Denise Simon was deceased prior to the issuance of the indictment. However, the
Court’s sentencing memorandum found that Denise was a “knowing partner” in the tax fraud
scheme. Thus, it is clear that the interests of the Estate are not substantially different from Mr.
that it is “contrary to common sense that collateral estoppel would bar the claims of the Plaintiffs
in this case.” As the law clearly supports the defendants’ position, this court holds that the
doctrine of collateral estoppel bars all of the plaintiffs’ claims.
Next, the defendants argue that SA Patton must be dismissed from this case for lack of
personal involvement. It is well established that “[t]o establish a Bivens claim, a plaintiff must
demonstrate the defendant’s direct or personal involvement in the actions that are alleged to have
caused the constitutional deprivation.” Vance v. Rumsfeld, 701 F.3d 193, 203 (7th Cir. 2012); see
also Iqbal, 556 U.S. at 677 (“[E]ach Government official, his or her title notwithstanding, is only
liable for his or her own misconduct.”). In that regard, “purpose rather than knowledge is
required to impose Bivens liability on . . . an official charged with violations arising from his or
her superintendent responsibilities.” Iqbal, 556 U.S. at 677. It has long been held that the
doctrine of respondeat superior does not apply to Bivens cases. Thus to be held individually
liable, “a defendant must be ‘personally responsible for the deprivation of a constitutional
right.’” Sanville v. McCaughtry, 266 F.3d 724, 740 (7th Cir. 2001)(quoting Chavez v. Ill. State
Police, 251 F.3d 612, 651 (7th Cir.2001) (quotation omitted). Prior to Iqbal, a defendant could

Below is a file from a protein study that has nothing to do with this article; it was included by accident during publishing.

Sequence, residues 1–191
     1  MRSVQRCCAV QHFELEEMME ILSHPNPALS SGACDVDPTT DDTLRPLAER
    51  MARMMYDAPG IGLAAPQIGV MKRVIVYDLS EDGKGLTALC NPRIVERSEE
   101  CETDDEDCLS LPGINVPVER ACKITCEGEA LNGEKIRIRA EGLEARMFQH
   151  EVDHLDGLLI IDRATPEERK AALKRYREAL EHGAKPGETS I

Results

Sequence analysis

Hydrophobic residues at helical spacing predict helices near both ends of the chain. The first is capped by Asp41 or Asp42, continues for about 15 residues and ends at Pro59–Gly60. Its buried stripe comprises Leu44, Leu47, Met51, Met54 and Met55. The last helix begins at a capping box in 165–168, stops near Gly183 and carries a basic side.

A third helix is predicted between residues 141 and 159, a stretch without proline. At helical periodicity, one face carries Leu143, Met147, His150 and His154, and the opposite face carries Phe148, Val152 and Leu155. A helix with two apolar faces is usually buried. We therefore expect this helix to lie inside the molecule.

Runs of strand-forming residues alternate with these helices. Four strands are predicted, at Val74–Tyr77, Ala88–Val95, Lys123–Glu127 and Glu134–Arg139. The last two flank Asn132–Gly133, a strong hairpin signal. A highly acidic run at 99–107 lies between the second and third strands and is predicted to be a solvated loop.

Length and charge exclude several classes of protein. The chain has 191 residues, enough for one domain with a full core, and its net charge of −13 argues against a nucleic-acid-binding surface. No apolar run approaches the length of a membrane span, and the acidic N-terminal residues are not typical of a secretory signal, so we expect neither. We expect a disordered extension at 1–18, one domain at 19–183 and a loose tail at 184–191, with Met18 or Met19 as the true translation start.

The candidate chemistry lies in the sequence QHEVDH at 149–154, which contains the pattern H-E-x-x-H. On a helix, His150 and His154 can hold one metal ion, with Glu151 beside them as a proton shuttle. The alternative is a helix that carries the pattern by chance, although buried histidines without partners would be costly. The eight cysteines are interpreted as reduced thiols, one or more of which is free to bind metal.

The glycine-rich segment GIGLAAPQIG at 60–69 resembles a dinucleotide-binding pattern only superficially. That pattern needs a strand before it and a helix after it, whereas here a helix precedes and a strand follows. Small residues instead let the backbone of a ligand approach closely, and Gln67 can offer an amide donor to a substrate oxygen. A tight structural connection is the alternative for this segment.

“be deemed to have sufficient personal responsibility if he directed the conduct causing the
constitutional violation, or if it occurred with his knowledge or consent.” Chavez, 251 F.3d at
652. The plaintiffs do not allege that SA Patton had personal responsibility for conducting the
search, but allege only that he “had actual knowledge of and acquiescence in Muschell’s,
Porter’s, and Unknown Agents’ conduct by adopting and maintaining a practice, custom or
policy that contributed to the violation of Plaintiffs’ constitutional rights.”
In their Complaint, Plaintiffs specifically allege that SAC Patton is the Special Agent in
Charge of Defendant Paul Muschell. See Complaint ¶¶ 5, 7. In his duties as the Special Agent in
Charge, SAC Patton was responsible for Mr. Muschell’s training and supervision. See id. at ¶ 7.
The Complaint further alleges that as Special Agent in Charge, SAC Patton improperly reviewed
and/or approved the Affidavit supporting the request for a search warrant prior to it being
submitted to the Court, failed to review said Affidavit for completeness and accuracy, and
improperly and unlawfully tendered the Affidavit to the Court, procuring the issuance of the
Warrant, when he knew that there was no probable cause for said Warrant. See id. at ¶¶ 22-24.
Plaintiffs thus conclude that SAC Patton was directly involved in supervising and training agents
in their activities here in the state of Indiana and that SAC Patton’s supervision and training of
SA Muschell led to the constitutional violations at issue.
However, as noted above, a supervisor may not be liable in a Bivens action for the
conduct of those under him unless he intended those actions to occur. Iqbal, 655 U.S. at 677.
As the defendants note, there are no allegations in the complaint that SAC Patton intended the
other Special Agents to act in a way that would have violated Plaintiffs’ constitutional rights.
Rather, all the Plaintiffs argue is that SAC Patton had knowledge or acquiesced in unspecified
practices, customs and polices because he has adopted and maintained practices, customs and/or
polices that contribute to the violations. Complaint at ¶¶ 51, 61, 69. Importantly, none of the
factual allegations in the complaint assert that SAC Patton acted in a way that would lead a
reasonable fact finder to hold that he intended any violation of Plaintiffs’ constitutional rights.
Accordingly, this Court must dismiss the claims against SAC Patton on this basis also.
On the basis of the foregoing, the defendants’ motion for judgment on the pleadings is
Entered: September 13, 2017.
s/ William C. Lee
William C. Lee, Judge
United States District Court